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Archive for September, 2011

” ‘God doesn’t love me.’ . . . This lie is based on the trust that we place in what we are feeling to be true rather than what we know to be true. We think, ‘If He loved me, I wouldn’t feel so lonely and unloved.’ ” (Lies Women Believe – DeMoss)

Here is yet another lie I struggle with. I know He loves me. I know what lengths He went to show His love for me, I bask in the knowledge of that love but being ME, an imperfect, insecure, emotional ME, I often look for daily affirmations of that love . . . and when I don’t see or feel it in a way I think I should, this lie is whispered to my heart.

Based on DeMoss, I should first identify the area of bondage that keeps me believing this lie. Hmmm, in bondage? Me? Ok . . . That I need love? Both to give and receive. Don’t we all? Isn’t that how we were designed – in His image – since He is Love. But how am I defining “love”? As a feeling ~ an act ~ a thought ~ a word ~ a choice? This took some reflection, but then I started to realize that my bondage is not in my definition of love but in the way I measure love.

I measure love based on how well I feel I am being taken care of. Selfish love. Needy love. Human ME love. To dig deep and expose the root of why I do this is something I’m not yet ready for. It’s too close to the reasons my heart is so vulnerable to begin with. Too close to the child within me that I still need to protect.

But the next step in which De Moss tells us to replace the lie with the Truth is simple. Straightforward. Not requiring quite as much self analysis. Here it is: despite the circumstances in my life, I am not abandoned and my only measurement of His love can be this ~ For God so love ME that He gave His only begotten Son, so that I could have everlasting life spent with Him!

So much more than I deserve, yet knowing He desires to do even more.

Can anything ever separate us from God’s love? Does it mean He no longer loves us if we have trouble or calamity or are persecuted or are hungry or cold or in danger or are threatened with death? No, despite all these things, overwhelming victory is ours through Christ who loves us. Romans 8:35 & 37

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Channel surfing again. It’s late. My husband is sleeping and the only light in the bedroom is the flicker that comes from the tv as I change the channel every few seconds. I set the remote down when I come to the PBS station. A couple is being interviewed. The title of the segment, “ADD and Loving It.” I listen as they talk about their marriage and the dynamics of their relationship. It sounds very much like my marriage, but instead of speaking with despair, the wife seems to be light-hearted about the challenges of their life together.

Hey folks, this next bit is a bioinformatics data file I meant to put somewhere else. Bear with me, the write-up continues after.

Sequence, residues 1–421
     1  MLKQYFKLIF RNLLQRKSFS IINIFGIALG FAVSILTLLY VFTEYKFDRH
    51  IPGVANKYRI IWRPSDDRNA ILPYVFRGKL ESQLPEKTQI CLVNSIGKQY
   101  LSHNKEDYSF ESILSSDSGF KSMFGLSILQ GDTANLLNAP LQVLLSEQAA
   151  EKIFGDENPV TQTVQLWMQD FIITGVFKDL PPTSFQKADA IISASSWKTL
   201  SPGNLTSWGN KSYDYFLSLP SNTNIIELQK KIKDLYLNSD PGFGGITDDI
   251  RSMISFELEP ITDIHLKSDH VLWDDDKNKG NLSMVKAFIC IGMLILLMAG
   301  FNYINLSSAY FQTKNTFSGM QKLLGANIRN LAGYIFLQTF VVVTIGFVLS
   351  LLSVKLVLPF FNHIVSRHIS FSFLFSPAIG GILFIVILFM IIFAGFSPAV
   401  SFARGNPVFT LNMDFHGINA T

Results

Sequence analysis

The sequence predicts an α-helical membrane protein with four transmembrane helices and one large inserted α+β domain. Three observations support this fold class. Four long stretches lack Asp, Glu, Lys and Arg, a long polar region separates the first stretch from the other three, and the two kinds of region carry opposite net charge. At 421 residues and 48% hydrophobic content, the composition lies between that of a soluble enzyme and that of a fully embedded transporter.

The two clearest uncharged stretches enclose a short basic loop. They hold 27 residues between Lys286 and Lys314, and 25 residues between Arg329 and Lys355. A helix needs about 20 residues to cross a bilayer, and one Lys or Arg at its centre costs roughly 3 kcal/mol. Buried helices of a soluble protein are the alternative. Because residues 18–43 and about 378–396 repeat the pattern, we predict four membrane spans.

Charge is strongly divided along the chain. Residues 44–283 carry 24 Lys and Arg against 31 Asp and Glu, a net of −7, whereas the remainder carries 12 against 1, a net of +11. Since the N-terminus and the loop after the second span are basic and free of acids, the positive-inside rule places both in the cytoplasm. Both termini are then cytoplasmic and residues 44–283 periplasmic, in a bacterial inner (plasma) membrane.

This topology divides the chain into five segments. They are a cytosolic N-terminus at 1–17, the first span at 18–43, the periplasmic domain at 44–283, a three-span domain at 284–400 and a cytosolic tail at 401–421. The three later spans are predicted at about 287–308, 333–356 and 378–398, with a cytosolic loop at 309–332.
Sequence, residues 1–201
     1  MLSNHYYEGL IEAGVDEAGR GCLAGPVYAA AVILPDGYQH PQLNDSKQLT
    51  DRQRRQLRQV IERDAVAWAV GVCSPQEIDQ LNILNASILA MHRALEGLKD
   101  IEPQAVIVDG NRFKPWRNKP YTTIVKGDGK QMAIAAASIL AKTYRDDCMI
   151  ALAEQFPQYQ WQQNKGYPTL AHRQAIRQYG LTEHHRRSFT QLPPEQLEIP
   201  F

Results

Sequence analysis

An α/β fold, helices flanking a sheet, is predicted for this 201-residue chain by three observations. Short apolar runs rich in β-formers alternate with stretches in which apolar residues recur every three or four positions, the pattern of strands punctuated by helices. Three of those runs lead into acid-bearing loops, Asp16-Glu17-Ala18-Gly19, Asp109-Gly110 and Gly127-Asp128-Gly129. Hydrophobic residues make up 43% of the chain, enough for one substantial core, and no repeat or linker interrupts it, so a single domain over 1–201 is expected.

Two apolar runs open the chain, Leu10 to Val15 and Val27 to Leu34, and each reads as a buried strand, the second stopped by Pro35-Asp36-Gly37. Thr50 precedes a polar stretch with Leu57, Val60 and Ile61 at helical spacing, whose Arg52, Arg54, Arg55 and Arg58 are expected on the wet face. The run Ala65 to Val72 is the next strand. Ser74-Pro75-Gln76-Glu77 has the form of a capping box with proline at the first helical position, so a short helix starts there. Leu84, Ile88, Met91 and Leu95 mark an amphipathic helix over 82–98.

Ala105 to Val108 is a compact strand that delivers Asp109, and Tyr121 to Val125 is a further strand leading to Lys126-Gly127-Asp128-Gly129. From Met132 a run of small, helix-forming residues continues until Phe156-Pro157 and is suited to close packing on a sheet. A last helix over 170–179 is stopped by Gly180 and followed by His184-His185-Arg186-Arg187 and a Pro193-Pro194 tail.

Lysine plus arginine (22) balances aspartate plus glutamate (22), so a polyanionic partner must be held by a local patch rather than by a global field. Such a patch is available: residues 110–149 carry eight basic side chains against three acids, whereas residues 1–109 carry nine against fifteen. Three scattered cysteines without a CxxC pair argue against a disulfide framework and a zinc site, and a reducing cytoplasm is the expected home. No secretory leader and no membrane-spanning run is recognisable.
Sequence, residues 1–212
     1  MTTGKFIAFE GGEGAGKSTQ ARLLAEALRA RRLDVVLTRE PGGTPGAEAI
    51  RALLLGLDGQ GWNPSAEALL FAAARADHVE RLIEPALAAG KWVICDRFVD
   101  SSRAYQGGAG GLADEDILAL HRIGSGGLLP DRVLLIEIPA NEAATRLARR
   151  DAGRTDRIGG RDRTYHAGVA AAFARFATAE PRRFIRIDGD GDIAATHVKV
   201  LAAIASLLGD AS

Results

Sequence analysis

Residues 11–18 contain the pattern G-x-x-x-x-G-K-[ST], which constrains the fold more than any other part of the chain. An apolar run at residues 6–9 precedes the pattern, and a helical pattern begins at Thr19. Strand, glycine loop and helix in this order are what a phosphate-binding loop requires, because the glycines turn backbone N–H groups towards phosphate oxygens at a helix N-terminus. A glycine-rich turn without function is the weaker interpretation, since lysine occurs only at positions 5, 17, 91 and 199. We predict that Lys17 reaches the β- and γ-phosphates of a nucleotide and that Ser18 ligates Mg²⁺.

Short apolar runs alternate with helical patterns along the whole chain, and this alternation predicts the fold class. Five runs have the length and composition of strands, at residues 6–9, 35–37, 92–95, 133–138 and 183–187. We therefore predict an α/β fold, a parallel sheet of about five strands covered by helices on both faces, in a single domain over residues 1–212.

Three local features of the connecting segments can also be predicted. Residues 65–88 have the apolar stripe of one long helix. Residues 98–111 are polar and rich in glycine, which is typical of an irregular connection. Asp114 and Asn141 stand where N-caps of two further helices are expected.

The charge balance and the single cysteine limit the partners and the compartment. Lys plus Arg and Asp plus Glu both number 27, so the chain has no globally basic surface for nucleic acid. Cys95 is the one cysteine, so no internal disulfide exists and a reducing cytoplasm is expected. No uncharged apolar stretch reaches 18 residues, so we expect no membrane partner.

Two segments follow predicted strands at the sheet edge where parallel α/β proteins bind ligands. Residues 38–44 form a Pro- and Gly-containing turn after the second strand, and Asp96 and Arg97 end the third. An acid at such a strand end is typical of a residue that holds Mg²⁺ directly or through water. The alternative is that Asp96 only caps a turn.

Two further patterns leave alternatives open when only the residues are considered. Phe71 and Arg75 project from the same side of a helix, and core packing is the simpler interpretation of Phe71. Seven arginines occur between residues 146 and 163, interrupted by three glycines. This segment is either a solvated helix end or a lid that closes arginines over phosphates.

How can she do that?” I wonder. But it is only a passing thought, since I am “working on me” these days, and trying to understand my husband’s behavior or resolving my marital issues have not been a priority.

A few weeks pass . . . I am “blog surfing” and this catches my attention:

” . . . For the past three years, my online exchanges with hundreds of partners to people with undiagnosed or untreated ADHD tell me this: They desperately love their partners, and yet they’re desperately hurting and confused. They need help . . . They didn’t know ADHD had anything to do with their partner’s rage, compulsive spending, and difficulty being a parent. Many live with partners in complete denial, refusing to even hear of ADHD. It’s not that the non-ADHD partners consider themselves paragons of mental-health virtue. They represent a spectrum of personalities, behaviors, intelligences, and neuroses — as their ADHD partners do, too. Most of them want to grow, change, expand, and meet their ADHD mates halfway or more.

Yet, when their partner’s untreated ADHD creates chaos at every turn . . . They’re left unable to act, only react — sometimes until they reach “meltdown.” Even the most formerly confident among them start to believe their partner’s accusations that their partnership woes are entirely their fault . . . On top of that, they are often dealing with financial difficulties, performing most of the household chores, and often working a full-time job.

For the most part, it’s not the little ADHD’ish things that wear them down. They can live with those (mostly) once they understand their underpinnings, and they can work together on solutions. Rather, it’s the big, teeth-rattling things that send them seeking support . . .The following list of most-problematic “hot spots” – again, primarily found among those refusing diagnosis and treatment — is not for the faint of heart . . .

Financial: They wrestle with their partners’ secret (and not so secret) debts, impulsive spending . . . Mention E-bay to them at your own risk; their closets (and garages) are filled with their partner’s impulsive and expensive online purchases . . .